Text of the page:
Nasal Treatment

Nasal irrigation, nasal spray or nasal nebulizer

The process of keeping the nose clean, moist and to deliver appropriate medication or treatments.

Nasal steroids

There are many to chose from. Flonase, Rhinocort, Nasonex avaialable by prescription. Nasocort is now available over the counter without a prescription. These are medications important in reducing inflammation and irriation of the nasal and sinus linings.  Particularly important in those patients with environmental allergies.

Proper use of nasal steroids involves the cross handed technique. Most people are right handed and do a good job delivering to the left side of the nose. Unfortunately when spraying the right nostril with the right hand most patients hit the septum or the middle of the nose. This leads to irritation and eventually bleeding in the area. This is best avoided by spraying the left nostril with the right hand aiming at the left corner of the eye and then switching to the left hand for the right nostril aiming at the corner of the right eye.

The process of actually rinsing out the nasal and sinus passages is probably more important that what you rinse with. The following options are available. Rinsing the nose helps keep the nose moist, clean and removes irritants or allergens. It is especially important in the post operative period while the mucosa is recovering to keep it moist and clean while it heals.

Despite many of the directions that you will read elsewhere it is not important for the nasal irrigation to run out the back of your nose or from on side to the other.  It is more important that flushes in under low pressure and is allowed to drain back out. My personal technique is to lean over the sink flush it in and let it flow out.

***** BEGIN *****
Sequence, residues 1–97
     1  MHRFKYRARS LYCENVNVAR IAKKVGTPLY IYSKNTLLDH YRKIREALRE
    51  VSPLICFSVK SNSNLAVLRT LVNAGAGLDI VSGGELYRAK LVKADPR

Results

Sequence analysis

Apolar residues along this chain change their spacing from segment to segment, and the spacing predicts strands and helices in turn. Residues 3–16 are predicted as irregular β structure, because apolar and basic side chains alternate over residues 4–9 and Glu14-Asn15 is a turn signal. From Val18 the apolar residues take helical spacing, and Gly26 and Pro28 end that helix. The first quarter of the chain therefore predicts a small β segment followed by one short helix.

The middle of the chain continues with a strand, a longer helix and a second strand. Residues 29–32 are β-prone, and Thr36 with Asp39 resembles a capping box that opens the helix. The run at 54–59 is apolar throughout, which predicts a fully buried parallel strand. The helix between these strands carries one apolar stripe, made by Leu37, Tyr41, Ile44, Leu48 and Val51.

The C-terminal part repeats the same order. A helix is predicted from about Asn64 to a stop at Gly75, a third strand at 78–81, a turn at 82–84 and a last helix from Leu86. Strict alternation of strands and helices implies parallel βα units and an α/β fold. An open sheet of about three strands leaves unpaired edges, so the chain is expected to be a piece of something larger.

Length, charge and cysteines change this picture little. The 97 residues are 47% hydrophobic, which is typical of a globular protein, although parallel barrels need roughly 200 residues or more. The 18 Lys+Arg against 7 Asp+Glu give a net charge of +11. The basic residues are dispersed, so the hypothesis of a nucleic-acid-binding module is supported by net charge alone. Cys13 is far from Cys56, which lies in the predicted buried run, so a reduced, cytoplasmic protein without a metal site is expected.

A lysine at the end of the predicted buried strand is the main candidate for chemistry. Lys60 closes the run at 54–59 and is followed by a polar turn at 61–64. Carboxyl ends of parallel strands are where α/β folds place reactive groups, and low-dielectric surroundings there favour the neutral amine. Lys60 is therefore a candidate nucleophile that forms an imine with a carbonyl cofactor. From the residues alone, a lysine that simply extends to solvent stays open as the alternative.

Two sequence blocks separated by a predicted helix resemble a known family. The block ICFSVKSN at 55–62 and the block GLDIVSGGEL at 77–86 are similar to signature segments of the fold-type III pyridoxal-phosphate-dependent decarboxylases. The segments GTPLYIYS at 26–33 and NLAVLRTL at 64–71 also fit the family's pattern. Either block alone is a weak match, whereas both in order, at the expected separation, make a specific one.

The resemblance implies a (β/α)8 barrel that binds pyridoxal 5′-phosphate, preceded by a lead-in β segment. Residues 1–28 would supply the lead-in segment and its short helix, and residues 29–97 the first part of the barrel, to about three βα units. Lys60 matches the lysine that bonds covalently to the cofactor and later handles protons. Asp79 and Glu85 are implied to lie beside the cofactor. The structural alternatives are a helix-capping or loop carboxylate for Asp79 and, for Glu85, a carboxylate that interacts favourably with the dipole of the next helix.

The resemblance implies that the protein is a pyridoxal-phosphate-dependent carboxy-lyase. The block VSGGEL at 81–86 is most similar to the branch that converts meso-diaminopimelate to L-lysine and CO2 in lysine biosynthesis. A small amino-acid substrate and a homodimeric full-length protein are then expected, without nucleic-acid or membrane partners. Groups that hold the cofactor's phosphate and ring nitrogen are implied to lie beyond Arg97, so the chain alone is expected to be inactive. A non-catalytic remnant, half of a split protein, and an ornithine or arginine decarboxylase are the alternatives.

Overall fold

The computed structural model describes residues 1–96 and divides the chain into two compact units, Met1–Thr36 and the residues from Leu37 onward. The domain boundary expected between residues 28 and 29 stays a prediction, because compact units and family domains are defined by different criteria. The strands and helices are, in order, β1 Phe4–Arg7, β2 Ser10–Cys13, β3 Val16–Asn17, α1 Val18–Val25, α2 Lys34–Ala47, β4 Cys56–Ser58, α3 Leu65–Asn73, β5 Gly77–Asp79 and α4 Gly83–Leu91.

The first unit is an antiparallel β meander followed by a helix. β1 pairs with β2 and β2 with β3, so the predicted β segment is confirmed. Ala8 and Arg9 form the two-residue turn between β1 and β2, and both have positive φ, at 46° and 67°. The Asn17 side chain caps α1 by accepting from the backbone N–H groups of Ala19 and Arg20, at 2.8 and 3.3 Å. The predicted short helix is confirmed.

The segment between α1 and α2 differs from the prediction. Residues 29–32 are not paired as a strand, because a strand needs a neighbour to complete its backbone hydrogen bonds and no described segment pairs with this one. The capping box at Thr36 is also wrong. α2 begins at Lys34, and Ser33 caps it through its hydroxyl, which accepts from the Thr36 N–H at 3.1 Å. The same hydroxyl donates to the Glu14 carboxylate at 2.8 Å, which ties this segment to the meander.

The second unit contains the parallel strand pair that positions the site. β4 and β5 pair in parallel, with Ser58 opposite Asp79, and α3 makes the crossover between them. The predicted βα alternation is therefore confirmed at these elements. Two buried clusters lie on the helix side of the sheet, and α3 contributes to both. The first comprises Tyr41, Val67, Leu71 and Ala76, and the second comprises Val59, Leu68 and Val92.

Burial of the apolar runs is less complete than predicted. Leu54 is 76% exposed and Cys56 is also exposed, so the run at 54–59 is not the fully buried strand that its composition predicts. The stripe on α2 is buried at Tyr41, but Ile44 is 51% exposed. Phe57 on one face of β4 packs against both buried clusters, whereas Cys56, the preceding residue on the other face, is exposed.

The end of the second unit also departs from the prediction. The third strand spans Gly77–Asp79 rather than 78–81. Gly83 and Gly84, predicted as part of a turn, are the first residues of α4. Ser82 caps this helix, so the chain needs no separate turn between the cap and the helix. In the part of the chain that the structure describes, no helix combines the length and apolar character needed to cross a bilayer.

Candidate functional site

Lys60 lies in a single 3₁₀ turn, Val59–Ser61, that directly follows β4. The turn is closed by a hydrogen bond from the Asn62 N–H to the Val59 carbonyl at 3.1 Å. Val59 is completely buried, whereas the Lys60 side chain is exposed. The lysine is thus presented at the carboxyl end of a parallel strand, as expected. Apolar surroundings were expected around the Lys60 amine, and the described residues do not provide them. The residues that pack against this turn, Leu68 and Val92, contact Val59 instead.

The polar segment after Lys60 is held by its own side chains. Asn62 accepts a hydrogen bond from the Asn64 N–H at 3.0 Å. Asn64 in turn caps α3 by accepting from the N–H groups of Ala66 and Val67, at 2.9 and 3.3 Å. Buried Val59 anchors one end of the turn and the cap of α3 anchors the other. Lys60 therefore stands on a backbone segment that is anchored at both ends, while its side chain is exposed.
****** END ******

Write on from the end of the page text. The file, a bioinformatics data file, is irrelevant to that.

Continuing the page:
What about salt water? Why salt water?

The reason to use salt water is to avoid irritation of the nasal mucosa (lining). Plain water tends to draw salts out of the nasal lining leaving it more irritated. Properly balanced with salt nasal irrigation should be soothing not burning.

Which water? Which salt?

The best water to use is clean water. To this end I reccomend that my patients use a clean water source. Really any water that is bottled is clean enough to use in your nose. This would include distilled water, purified water, drinking water or if you have a submicron filter such as a fresh Brita filter that too can work.

How about salt?

The right quantity is more important than the right kind. Too much and it will irritate and too little and it will burn. It is about 1/2 teaspoon in 8 ounces which is the size of a NeilMed irrigation bottle. Some people like a little more or less. Doubling the recipe makes it hypertonic which can help when the nose is congested or runny. The solution can be buffered by adding a large pinch of baking soda.

Which salt?

We cook with a lot of sea salt. It is great for cooking and adds flavor and additional texture. Our favorite is Aztec Sea Salt. It is a naturally harvested sea salt with lots of flavor and extra trace elements. You can find it at Unfortunately it is a horrible salt for your nasal irrigation. For your nose you want the cleanest salt possible that goes into solution the easiest. That would be pickling salt. It is very cheap and available at any grocery store. The other option is to use the packets that made by Neilmed for the nasal irrigation system. These are very convenient and premeasured and buffered to be just right for the Neilmed irrigation bottle. Available at almost any pharmacy.

Irrigation bottle, Netipot or the Sinugator?